There’ve been some very colorful exceptions.  My favorite was the New York Times best seller who I had been exchanging some notes with because we admired each other’s work. That author invited me and my spouse over for drinks the next time we were in New York.The visit was going to be one fun piece of a blowout birthday weekend that included dinner at the Russian Tea Room.  When we got to New York and I called from the luxury hotel we’d splurged on, the writer insisted I had the date wrong. That wasn’t possible, since, well, I did know my own birthday and had said I was coming in for it. This literary star was super frosty on the phone and even sent a postcard later telling us about the wonderful menu we had missed at his home (it actually didn’t sound that great).

But a childhood TV hero of mine was staying at the hotel, and when I saw him in the lobby, I got to tell him how much I loved his show; I spent time that weekend with my best friend from college; the hotel’s Sunday brunch was stupendous; and I had terrific seats to see B.D. Wong and John Lithgow in M. Butterfly.

The generous and friendly ones have vastly outnumbered the others, and of course the exceptions have given me great material….

Lev Raphael is the author of two dozen books in genres from memoir to mystery, including a guide to the writer’s life: Writer’s Block is Bunk.

 

Why I Stopped Going To Bouchercon

As soon as I started publishing mysteries in the mid-nineties, publicists and my editors urged me to go to all the mystery conferences I could manage, especially Bouchercon.  That’s the biggest one of them all and attracts writers and fans from around the world.

I went, year after year, to half a dozen different conferences around the country–and even one at Oxford University.  What I discovered, among other things, was that many were a waste of time and Bouchercon was in some ways highly over-rated.

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I enjoyed meeting fans there and running into authors I admired.  But I had more time with Walter Mosley, for example, when our paths crossed in Texas on separate book tours than was possible at Bouchercon.  I had dinner with him and a group, heard him do a killer reading, and then we got together for drinks later and talked for a few hours about the logistics of developing a series.  It felt like a mini-workshop/retreat.

walter-mosleyHe’s been gracious and charming wherever I’ve met him, but at Bouchercon, I got the sense with other famous authors that the motor was running and they were waiting for someone more important than me to come along while we chatted.  And there was always that sense of clamor wherever you went.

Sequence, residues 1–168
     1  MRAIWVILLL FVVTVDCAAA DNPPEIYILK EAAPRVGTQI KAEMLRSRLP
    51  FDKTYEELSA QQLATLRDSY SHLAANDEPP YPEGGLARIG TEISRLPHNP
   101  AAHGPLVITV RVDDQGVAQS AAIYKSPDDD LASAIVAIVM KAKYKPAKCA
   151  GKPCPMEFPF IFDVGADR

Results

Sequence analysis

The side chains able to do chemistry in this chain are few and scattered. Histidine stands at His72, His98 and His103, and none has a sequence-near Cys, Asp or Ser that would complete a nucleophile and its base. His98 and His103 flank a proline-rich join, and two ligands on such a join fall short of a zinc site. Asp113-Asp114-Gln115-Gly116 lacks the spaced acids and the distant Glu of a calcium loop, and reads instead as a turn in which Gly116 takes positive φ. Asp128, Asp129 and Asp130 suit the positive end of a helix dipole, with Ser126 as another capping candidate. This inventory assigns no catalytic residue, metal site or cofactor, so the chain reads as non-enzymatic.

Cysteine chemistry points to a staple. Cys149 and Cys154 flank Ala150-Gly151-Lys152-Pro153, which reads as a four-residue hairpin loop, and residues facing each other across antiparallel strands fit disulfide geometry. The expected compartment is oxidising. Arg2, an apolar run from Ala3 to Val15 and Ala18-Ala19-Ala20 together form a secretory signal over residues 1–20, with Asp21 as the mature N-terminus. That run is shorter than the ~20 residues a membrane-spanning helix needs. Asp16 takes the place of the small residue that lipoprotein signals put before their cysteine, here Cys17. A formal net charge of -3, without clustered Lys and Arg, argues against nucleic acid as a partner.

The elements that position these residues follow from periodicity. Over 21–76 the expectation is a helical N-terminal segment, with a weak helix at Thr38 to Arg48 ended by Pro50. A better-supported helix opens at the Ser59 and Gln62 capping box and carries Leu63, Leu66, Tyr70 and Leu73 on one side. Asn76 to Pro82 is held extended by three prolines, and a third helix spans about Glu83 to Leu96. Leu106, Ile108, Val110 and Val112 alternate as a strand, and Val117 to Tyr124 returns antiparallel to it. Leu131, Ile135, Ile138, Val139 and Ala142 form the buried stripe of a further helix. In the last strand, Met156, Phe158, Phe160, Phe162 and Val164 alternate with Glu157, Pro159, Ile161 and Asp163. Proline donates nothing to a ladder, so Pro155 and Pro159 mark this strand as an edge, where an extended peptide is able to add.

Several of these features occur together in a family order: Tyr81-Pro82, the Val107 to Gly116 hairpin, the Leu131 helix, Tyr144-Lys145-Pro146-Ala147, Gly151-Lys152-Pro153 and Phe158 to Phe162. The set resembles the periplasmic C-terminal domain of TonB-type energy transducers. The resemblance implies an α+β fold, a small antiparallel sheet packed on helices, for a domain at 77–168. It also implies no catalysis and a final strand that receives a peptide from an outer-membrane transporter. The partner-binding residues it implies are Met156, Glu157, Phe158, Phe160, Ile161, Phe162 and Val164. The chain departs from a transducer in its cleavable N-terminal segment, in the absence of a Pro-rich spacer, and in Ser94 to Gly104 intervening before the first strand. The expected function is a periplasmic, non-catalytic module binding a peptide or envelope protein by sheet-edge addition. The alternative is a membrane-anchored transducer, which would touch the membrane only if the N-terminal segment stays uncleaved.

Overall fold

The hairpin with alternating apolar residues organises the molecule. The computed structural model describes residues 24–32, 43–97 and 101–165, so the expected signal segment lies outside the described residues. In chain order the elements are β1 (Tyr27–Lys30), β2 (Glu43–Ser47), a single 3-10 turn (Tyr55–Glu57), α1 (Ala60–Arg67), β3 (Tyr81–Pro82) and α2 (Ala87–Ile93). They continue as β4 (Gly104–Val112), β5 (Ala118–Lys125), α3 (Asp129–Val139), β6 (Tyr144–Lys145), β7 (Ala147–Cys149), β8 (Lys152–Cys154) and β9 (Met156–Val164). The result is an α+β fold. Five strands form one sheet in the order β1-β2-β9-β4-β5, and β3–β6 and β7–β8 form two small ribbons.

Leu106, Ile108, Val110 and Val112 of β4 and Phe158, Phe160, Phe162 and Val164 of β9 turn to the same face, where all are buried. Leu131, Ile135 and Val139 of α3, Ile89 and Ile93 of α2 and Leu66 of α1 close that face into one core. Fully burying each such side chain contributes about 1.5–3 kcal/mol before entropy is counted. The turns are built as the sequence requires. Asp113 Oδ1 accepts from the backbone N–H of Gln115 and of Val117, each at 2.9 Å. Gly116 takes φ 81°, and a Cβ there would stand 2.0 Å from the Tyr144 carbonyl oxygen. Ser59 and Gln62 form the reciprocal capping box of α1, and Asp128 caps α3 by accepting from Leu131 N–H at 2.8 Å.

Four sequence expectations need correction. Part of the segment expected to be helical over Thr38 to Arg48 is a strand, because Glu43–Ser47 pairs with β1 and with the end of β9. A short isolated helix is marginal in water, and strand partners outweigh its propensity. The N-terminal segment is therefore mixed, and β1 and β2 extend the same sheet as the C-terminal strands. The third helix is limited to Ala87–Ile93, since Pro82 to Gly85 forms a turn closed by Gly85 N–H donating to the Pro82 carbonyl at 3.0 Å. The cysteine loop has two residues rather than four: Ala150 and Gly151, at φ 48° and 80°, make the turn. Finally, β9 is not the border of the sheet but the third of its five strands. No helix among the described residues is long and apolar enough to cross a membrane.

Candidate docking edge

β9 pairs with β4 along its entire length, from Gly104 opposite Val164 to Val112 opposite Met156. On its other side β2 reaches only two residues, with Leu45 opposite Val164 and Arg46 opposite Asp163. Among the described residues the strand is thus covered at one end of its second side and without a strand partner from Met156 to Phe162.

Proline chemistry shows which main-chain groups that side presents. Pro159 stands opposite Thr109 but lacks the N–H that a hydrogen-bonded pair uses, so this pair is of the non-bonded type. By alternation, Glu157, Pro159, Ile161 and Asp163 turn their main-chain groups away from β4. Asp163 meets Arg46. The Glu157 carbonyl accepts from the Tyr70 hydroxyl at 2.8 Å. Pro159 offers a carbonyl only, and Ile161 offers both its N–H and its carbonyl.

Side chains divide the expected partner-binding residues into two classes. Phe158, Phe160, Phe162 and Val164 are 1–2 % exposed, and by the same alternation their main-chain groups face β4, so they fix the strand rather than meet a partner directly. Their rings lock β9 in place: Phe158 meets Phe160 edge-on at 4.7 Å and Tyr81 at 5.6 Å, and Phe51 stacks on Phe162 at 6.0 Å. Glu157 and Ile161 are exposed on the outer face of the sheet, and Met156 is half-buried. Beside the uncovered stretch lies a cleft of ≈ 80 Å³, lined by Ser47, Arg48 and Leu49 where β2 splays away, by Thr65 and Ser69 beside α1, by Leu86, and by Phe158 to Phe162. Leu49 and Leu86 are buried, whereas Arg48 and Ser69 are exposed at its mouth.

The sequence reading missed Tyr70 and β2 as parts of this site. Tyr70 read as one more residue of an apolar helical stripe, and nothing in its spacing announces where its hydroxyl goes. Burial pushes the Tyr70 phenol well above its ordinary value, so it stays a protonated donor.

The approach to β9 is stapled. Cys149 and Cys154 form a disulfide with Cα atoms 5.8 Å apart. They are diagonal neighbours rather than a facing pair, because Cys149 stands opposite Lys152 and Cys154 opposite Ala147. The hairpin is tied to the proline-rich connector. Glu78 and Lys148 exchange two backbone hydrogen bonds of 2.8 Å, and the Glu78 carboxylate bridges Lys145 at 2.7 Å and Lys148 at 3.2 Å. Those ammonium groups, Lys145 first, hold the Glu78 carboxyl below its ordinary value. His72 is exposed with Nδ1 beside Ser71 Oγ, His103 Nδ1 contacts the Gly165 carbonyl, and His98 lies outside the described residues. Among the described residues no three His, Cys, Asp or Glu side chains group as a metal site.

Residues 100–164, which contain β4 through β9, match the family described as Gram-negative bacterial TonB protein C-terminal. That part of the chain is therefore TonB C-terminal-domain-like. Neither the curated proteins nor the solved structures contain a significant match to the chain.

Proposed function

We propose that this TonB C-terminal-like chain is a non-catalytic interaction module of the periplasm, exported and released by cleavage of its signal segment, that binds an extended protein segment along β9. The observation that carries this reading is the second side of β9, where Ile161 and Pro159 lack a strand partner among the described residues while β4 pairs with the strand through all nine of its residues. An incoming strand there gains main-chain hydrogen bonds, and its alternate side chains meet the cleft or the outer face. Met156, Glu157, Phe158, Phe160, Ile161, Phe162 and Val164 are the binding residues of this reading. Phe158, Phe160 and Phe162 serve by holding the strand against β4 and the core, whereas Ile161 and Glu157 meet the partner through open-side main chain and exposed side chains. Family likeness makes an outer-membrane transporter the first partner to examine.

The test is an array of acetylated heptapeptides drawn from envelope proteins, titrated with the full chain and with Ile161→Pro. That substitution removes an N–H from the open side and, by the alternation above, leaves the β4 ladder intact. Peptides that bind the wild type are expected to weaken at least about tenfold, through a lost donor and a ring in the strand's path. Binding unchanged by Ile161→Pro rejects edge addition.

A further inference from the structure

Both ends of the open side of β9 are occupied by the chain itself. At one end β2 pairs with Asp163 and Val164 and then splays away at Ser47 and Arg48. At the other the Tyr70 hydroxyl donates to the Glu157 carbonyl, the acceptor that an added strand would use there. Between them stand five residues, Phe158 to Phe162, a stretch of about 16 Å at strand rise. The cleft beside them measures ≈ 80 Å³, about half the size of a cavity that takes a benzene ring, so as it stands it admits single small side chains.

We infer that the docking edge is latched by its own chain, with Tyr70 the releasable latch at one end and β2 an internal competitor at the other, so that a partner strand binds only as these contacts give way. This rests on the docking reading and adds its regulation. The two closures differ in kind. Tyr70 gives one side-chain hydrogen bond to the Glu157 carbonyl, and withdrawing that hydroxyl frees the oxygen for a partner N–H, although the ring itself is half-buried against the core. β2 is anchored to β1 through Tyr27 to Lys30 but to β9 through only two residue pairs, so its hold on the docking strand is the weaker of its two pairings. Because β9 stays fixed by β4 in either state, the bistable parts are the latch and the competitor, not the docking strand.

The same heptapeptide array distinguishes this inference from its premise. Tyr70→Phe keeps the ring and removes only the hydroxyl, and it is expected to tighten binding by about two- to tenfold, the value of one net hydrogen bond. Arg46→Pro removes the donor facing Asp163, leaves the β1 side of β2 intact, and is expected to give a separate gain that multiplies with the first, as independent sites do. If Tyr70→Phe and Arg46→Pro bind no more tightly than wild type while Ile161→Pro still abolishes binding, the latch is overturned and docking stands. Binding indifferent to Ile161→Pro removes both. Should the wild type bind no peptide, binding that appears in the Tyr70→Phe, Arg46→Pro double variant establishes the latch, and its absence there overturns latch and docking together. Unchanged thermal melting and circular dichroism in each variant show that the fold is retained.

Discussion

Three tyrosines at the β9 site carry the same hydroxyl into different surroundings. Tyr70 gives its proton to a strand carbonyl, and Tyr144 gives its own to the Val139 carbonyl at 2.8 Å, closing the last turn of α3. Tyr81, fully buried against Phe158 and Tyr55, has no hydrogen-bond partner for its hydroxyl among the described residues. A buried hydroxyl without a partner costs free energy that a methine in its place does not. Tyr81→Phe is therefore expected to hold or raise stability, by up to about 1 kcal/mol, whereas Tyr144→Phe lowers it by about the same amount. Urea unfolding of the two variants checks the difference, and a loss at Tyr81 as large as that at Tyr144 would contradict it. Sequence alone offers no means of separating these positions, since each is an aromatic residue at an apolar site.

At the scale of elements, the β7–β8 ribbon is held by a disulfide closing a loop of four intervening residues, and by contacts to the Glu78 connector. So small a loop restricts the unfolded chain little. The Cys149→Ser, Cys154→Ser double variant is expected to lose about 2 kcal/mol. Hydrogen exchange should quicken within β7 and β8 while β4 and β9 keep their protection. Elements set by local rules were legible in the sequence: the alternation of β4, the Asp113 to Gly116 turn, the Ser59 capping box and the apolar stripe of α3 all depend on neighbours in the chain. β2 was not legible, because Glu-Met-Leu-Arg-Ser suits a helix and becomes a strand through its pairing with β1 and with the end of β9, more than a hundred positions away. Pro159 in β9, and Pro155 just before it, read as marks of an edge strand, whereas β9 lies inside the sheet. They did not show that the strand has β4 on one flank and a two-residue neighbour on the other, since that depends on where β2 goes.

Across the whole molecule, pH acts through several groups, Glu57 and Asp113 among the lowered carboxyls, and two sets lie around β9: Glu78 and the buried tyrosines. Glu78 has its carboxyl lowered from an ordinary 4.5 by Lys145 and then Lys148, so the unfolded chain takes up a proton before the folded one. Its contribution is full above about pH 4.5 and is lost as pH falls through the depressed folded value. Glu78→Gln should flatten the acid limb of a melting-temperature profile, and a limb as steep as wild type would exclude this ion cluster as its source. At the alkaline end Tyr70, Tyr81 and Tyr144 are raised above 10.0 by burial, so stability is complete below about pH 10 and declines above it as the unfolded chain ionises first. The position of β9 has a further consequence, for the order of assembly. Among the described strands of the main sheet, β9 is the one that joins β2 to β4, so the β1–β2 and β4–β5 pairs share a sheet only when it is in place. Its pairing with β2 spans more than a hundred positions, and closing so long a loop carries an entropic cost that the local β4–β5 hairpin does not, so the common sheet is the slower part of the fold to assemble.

For fans, Bouchercon can be a dream, a feast: so many authors, so little time!  But for midlist authors who’ll admit it off the record (and many of them have to me), the conference is pretty much the same thing over and over.  I’ve listened to some authors tell the identical anecdotes on more than one panel and the panels themselves, well….  It’s great if you haven’t heard it all before, but not so great if you’re a veteran.

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Authors supposedly get terrific exposure at Bouchercon.  I don’t believe that’s always true.  The famous writers are the ones who get exposure.  The rest of us can get eclipsed, exhausted, and wonder why we bothered.  I once chaired a standing room only star-studded panel with over 450 people there, and the recording was the best seller of the entire conference.  Did it budge my books sales at the conference book room or afterwards or even that following year?  Barely.

I had spent $750 for a full page program ad, plus another $1000 on the hotel, meals,  and air fare. For that money, I could have had a lovely weekend vacation with my spouse somewhere totally stress-free.  Or gone to more than one smaller mystery conference.

Jonah’s-Bynya-Road-Whale-Beach-SydneyThat doesn’t mean writers should avoid Bouchercon.  But if you’re a mystery author, and especially if you’re a newbie, think carefully about your goals, the reality of attaining them, and what your budget is.  Bouchercon can be enjoyable if you can do it inexpensively (like if it’s nearby)–and if you’re not averse to massive crowds. But it’s wise to consider smaller conferences like Magna cum Murder or Left Coast Crime where you might do better, spend less, and have more fun. The smaller conferences are more affordable, less crowded and overwhelming, your fans have more access to you, you can  network more readily with other authors including the stars–and the entire event is less frantic and stressful, especially if you’re a writer who’s introverted.  And so many of us are…..

Lev Raphael is the author of The Edith Wharton Murders and 24 other books in genres from memoir to horror.